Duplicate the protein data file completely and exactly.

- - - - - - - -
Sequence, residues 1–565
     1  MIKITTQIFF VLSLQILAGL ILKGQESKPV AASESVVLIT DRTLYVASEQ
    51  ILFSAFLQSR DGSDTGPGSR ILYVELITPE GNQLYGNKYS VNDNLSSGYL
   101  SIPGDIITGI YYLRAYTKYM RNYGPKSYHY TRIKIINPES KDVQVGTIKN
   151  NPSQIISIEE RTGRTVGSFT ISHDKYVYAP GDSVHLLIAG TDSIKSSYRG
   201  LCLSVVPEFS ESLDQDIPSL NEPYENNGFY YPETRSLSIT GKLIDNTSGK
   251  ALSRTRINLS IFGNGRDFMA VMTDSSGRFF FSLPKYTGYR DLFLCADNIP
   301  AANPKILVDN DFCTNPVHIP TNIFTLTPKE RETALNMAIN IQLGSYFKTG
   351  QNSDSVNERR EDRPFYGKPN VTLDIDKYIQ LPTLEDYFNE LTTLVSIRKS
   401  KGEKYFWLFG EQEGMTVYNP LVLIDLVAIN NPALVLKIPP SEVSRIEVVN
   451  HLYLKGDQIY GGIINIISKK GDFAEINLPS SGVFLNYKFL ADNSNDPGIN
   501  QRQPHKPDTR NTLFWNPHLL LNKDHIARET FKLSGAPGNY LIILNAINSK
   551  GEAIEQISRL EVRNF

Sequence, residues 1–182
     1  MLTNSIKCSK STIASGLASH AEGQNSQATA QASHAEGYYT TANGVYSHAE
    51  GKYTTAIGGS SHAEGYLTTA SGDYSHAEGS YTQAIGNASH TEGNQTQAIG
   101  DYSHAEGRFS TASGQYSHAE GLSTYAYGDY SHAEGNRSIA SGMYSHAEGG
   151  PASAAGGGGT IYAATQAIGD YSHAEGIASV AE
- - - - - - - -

Sequence, residues 1–565
     1  MIKITTQIFF VLSLQILAGL ILKGQESKPV AASESVVLIT DRTLYVASEQ
    51  ILFSAFLQSR DGSDTGPGSR ILYVELITPE GNQLYGNKYS VNDNLSSGYL
   101  SIPGDIITGI YYLRAYTKYM RNYGPKSYHY TRIKIINPES KDVQVGTIKN
   151  NPSQIISIEE RTGRTVGSFT ISHDKYVYAP GDSVHLLIAG TDSIKSSYRG
   201  LCLSVVPEFS ESLDQDIPSL NEPYENNGFY YPETRSLSIT GKLIDNTSGK
   251  ALSRTRINLS IFGNGRDFMA VMTDSSGRFF FSLPKYTGYR DLFLCADNIP
   301  AANPKILVDN DFCTNPVHIP TNIFTLTPKE RETALNMAIN IQLGSYFKTG
   351  QNSDSVNERR EDRPFYGKPN VTLDIDKYIQ LPTLEDYFNE LTTLVSIRKS
   401  KGEKYFWLFG EQEGMTVYNP LVLIDLVAIN NPALVLKIPP SEVSRIEVVN
   451  HLYLKGDQIY GGIINIISKK GDFAEINLPS SGVFLNYKFL ADNSNDPGIN
   501  QRQPHKPDTR NTLFWNPHLL LNKDHIARET FKLSGAPGNY LIILNAINSK
   551  GEAIEQISRL EVRNF

Sequence, residues 1–182
     1  MLTNSIKCSK STIASGLASH AEGQNSQATA QASHAEGYYT TANGVYSHAE
    51  GKYTTAIGGS SHAEGYLTTA SGDYSHAEGS YTQAIGNASH TEGNQTQAIG
   101  DYSHAEGRFS TASGQYSHAE GLSTYAYGDY SHAEGNRSIA SGMYSHAEGG
   151  PASAAGGGGT IYAATQAIGD YSHAEGIASV AE